“I think green cars will be in the 20 to 25 percent range [of cars sold], merely for reasons of government regulations,” says former GM Vice Chairman Bob Lutz. “No one knows how to meet these regulations without massive hybridization and electrification.”
The Boston Consulting Group says both types of hybrid and plug-in electrics together will constitute between 11 and 42 percent of the global market by 2020, “with a likely overall penetration of 26 percent.”
Richard Steinberg, manager of electric vehicle operations at BMW, says roads filled with only electric cars may be some time coming. “But I do imagine we will soon see a greater degree of electrification throughout the entire automotive sector,” he says. “I think we will have a plug on nearly everything over the long haul, even if it’s only to add 10 miles of electric-only range.”
BMW is hedging its bets. It will introduce its electric carbon fiber-bodied i3 as a city car in late 2013, but it will also offer it with a “range extender” gas engine acting as a generator. The system will nearly double the i3’s range from 100 to 190 miles.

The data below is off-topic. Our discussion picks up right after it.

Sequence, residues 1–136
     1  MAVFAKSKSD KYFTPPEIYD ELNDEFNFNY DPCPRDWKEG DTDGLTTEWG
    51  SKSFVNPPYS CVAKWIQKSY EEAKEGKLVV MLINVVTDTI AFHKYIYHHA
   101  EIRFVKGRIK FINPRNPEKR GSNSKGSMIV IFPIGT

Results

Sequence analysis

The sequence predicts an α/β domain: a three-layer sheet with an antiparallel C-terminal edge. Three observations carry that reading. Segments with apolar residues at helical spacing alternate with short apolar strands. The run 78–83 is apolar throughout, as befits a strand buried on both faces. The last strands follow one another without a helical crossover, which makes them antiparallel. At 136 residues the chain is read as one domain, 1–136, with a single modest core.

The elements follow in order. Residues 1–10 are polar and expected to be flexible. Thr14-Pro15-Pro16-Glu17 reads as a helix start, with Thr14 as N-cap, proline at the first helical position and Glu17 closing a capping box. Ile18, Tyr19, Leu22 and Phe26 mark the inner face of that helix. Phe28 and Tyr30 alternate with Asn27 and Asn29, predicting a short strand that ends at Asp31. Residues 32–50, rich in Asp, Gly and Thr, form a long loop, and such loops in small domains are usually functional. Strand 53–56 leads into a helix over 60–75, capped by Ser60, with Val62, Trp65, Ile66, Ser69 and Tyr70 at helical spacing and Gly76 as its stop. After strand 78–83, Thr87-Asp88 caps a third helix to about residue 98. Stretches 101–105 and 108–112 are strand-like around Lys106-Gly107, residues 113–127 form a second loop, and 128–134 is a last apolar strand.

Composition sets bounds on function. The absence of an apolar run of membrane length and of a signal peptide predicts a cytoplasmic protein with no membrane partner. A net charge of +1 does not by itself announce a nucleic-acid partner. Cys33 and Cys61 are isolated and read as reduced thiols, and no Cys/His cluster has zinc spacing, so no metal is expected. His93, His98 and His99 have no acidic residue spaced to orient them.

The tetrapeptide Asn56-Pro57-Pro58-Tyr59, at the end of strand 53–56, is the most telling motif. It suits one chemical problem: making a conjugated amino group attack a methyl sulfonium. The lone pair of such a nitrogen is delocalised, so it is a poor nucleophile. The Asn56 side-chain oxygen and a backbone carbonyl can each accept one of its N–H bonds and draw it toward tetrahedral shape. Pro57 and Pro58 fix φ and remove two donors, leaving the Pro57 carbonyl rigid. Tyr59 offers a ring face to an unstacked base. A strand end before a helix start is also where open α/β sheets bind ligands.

Government incentives are also important for public adoption. The $7,500 federal income tax credit for electric cars is a motivator for consumers, who can also benefit from some state subsidies. Hawaii, for instance, offers a cash rebate of up to $4,500, Pennsylvania up to $3,500 and California up to $2,500. But legislation has been proposed in Congress to zero out the federal tax credit, and some state programs have run out of money. To find information on green vehicle tax incentives in your area, visit The U.S. Department of Energy’s Alternative Fuels & Advanced Vehicles Data Center online.
In late January, California enacted a huge ramp-up of its zero- and near-zero-emissions cars program in an effort to put 1.4 million battery electrics, fuel-cell cars and plug-in hybrids on its roads by 2025. But the state program only ensures the cars’ availability; incentive programs and rebates, while helpful, don’t ensure consumers will pay the extra cost of entry for electric cars.
“We are already building these clean cars, and we hope they sell in large numbers,” says Gloria Bergquist, a spokesperson for the Alliance of Automobile Manufacturers, which represents 12 carmakers. “This is a production mandate on automakers requiring us to build a certain number of these cars. This is not a mandate on consumers to buy them. There’s always a certain Field of Dreams thinking with regulations like this: ‘If you build it, they will come.’ We do not want to see these cars sitting unsold on dealers’ lots.”